Iraq's foreign minister said Wednesday that foreign assistance in the fight against the Islamic State jihadist group should respect the country's sovereignty.

He hailed the role played by Iran, which Kurdish officials said has been actively taking part in the fighting and still maintains a force on Iraqi territory.

"We cannot accept that Iraq is becoming a land of conflict but we have to solve this problem in a way that preserves Iraqi sovereignty," Ibrahim al-Jaafari told a news conference.

When asked about a comment in which the commander of Iran's ground forces last week vowed to protect his own border "deep into Iraqi territory" if necessary, Jaafari said Iranian support was welcome.

"Iran has provided assistance to Iraq, as have some other countries. This is not a secret and we have to thank them for it," he said.

Iran has been a close ally of Iraq's Shiite-dominated government, and Jaafari spent a whole decade in exile there when Baghdad was under Saddam Hussein's rule.

Critics have questioned the legal basis and motives for Iran's participation in the government's military efforts against the jihadists, who have conquered swathes of Iraq since June.

Iranian troops have been posted on the Iraqi side of the border in the south of Kurdistan while Tehran is also reported to play a key role in training and running some of Iraq's Shiite militias.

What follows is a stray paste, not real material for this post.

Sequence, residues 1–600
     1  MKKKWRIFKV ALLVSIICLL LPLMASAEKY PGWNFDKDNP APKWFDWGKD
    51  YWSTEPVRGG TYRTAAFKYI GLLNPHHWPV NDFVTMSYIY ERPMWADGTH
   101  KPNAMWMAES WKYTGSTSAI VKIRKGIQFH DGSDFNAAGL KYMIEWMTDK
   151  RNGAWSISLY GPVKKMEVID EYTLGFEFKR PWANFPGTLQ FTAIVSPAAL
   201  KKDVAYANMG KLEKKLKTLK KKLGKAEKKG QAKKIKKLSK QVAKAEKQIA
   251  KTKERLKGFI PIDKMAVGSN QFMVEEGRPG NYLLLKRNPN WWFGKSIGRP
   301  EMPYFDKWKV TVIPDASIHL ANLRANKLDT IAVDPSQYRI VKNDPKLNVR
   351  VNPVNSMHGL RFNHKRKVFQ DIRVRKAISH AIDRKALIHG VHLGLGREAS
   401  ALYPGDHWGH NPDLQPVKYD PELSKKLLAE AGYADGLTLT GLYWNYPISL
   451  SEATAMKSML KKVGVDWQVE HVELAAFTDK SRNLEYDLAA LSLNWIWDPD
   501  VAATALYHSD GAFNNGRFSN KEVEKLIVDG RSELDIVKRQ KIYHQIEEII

Kurdish officials said there were about 100 Iranian troops posted in the Khanaqin area, some 150 kilometres (95 miles) northeast of Baghdad.

- Mortar experts -

"The centre of Khanaqin is only five kilometres away from Iran, it's as if it was in Iran," said General Jaafar Sheikh Mustafa, the Kurdistan Democratic Party's local leader.

"There are oil wells there that are very important and Iran has to defend itself, that's why they have sent a military unit, the Sabai Pasdaran Khorasan," he told AFP.

"In the Khanaqin region, the Sabai Pasdaran Khorasan, the Iraqi forces and the peshmerga fought together in the battle for Jalawla," he said.

Jalawla, which has been one of the main flashpoints in Iraq since the Islamic State group launched a devastating offensive in Iraq four months ago, lies just 30 kilometres from the border.

Mustafa said 600 Iranian troops moved across the border in June and July.

"There are only 100 of them left to keep an eye on the situation, most of them mortar specialists," the general said.

The Patriotic Union of Kurdistan, the other historical party in the autonomous region, has had close ties with Iran over the years.

Iran "plays a very important role in the Middle East, especially in Iraq. If Iran is active in the Iraqi conflict, it will be easier to solve," Kurdish peshmerga forces spokesman Halgord Hekmat said.

"The Iranians were in Amerli," he said of a Turkmen Shiite town that the jihadists besieged for more than two months.

A joint push also involving the peshmerga, federal forces and Shiite militias broke the siege in late August, one of the biggest victories for Baghdad since the June debacle.

Hekmat said Iranian forces had also been deployed in Makhmur, about 60 kilometres southeast of Arbil, "to provide assistance, just in case".


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Iraq: The first technology war of the 21st century